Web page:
Suppose you end up taking more Mebendazole than you should by accident. Don’t worry too much, it’s unlikely to harm you. However, it might give you a bit of a rough time with symptoms such as stomach pain, feeling queasy, vomiting, or loose stools.
Let’s talk about some of the common side effects of Mebendazole, which might occur in more than one out of every hundred people. If you’re feeling a stomach ache, try some simple home remedies like resting, eating smaller meals more often, and applying a warm pack to your belly. If the pain gets too severe, reach out to a doctor or pharmacist.
Feeling bloated or a bit gassy? Aim for simple meals and avoid food that’s spicy or rich in fats. Taking Mebendazole after meals might help you feel better. Diarrhoea can leave you dehydrated, so remember to drink lots of fluids. However, don’t take any medication for diarrhoea without asking your pharmacist or doctor first. If you’re on the contraceptive pill and experience severe diarrhoea for more than a day, you might need to take extra measures to prevent pregnancy. More information can be found in your pill packet.
If you’ve tried managing the side effects of Mebendazole but they’re still bothering you, don’t hesitate to seek advice from your doctor or pharmacist. Serious side effects require immediate attention. Stop taking Mebendazole and reach out to a healthcare professional or dial 111 right away if you notice your eyes or skin turning yellow. This could be a sign of liver problems and might be harder to spot on darker skin tones.
Uncommon but Important: Severe Allergic Reactions
It’s rare, but there’s a small chance of having a serious allergic reaction (known as anaphylaxis) to Mebendazole. Remember, the side effects mentioned are not exhaustive; for a full list, please refer to the information booklet in your medication pack.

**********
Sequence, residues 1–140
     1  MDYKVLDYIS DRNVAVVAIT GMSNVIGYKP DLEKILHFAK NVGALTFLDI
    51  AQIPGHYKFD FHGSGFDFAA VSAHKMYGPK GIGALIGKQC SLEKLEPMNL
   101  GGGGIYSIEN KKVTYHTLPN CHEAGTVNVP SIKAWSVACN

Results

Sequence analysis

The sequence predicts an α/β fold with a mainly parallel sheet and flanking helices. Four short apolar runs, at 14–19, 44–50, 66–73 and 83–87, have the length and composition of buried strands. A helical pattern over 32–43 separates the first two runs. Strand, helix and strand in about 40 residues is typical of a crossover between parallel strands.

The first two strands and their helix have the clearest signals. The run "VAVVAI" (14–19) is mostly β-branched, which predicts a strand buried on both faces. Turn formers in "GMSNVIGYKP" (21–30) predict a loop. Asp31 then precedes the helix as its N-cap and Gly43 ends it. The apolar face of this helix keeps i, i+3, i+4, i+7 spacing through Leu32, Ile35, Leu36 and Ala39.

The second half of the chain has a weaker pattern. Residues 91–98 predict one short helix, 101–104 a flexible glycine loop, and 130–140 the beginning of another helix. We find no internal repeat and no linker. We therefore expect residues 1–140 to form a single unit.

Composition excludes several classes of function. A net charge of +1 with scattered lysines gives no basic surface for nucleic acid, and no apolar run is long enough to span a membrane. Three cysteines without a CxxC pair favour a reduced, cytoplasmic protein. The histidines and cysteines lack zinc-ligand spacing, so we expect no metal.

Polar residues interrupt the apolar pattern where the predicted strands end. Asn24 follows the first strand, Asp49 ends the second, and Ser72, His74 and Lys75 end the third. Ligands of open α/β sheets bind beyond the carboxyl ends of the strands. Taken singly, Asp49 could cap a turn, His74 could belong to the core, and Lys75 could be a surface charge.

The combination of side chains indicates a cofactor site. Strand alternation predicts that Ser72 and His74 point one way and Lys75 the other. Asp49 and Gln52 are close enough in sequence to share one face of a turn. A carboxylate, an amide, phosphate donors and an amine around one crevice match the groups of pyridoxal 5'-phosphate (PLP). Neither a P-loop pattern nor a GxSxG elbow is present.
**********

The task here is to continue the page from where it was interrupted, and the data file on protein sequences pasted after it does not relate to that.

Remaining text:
If you’re pregnant, rest assured, Mebendazole can be used if necessary. Threadworms aren’t a major threat to you or your unborn baby. If possible, try to defeat these worms without medication, especially during your first trimester when your baby is still developing.
One of the best ways to fight off worms is maintaining top-notch hygiene. Get into the habit of washing your hands thoroughly, scrubbing under your fingernails, taking daily showers, and rinsing your toothbrush regularly. Keep your nails trimmed, frequently wash your sleepwear, sheets, and towels, and regularly disinfect your kitchen and bathroom. Dusting with a damp cloth and regular vacuuming can also help. These practices should help clear the worm infestation within six weeks. If they don’t or if you can’t manage them, talk to your doctor or pharmacist about taking Mebendazole.
If you’re dealing with a different type of worm, like roundworm or hookworm, your doctor can guide you on the most effective treatment.
Breastfeeding while taking Mebendazole is okay, as long as your doctor or health visitor confirms that your baby is healthy. Only a small amount of the medicine is present in breast milk, so it’s unlikely that your baby will consume enough to experience any side effects.
Keeping an Eye on Your Baby
If you notice any changes in your baby’s feeding habits or have any other concerns about your little one while taking Mebendazole, don’t hesitate to reach out to your health visitor, midwife, or doctor right away. As far as we know, Mebendazole doesn’t affect fertility in men or women.
Remember, Mebendazole could interact with other medications and even herbal supplements. It’s always a good idea to have a chat with your doctor or pharmacist if you’re taking any other medication alongside Mebendazole, as they can affect each other.
For example, Metronidazole is usually given for bacterial or protozoan infections, while Cimetidine is often used to reduce stomach acid levels. When it comes to Mebendazole, there’s not enough information to confidently say whether it’s safe to use along with complementary medicines, herbal remedies, or supplements. These products aren’t evaluated in the same way as standard drugs, and there are no studies showing how they might interact with other medications.
For more information, you can visit: https://www.fenbendazole.org/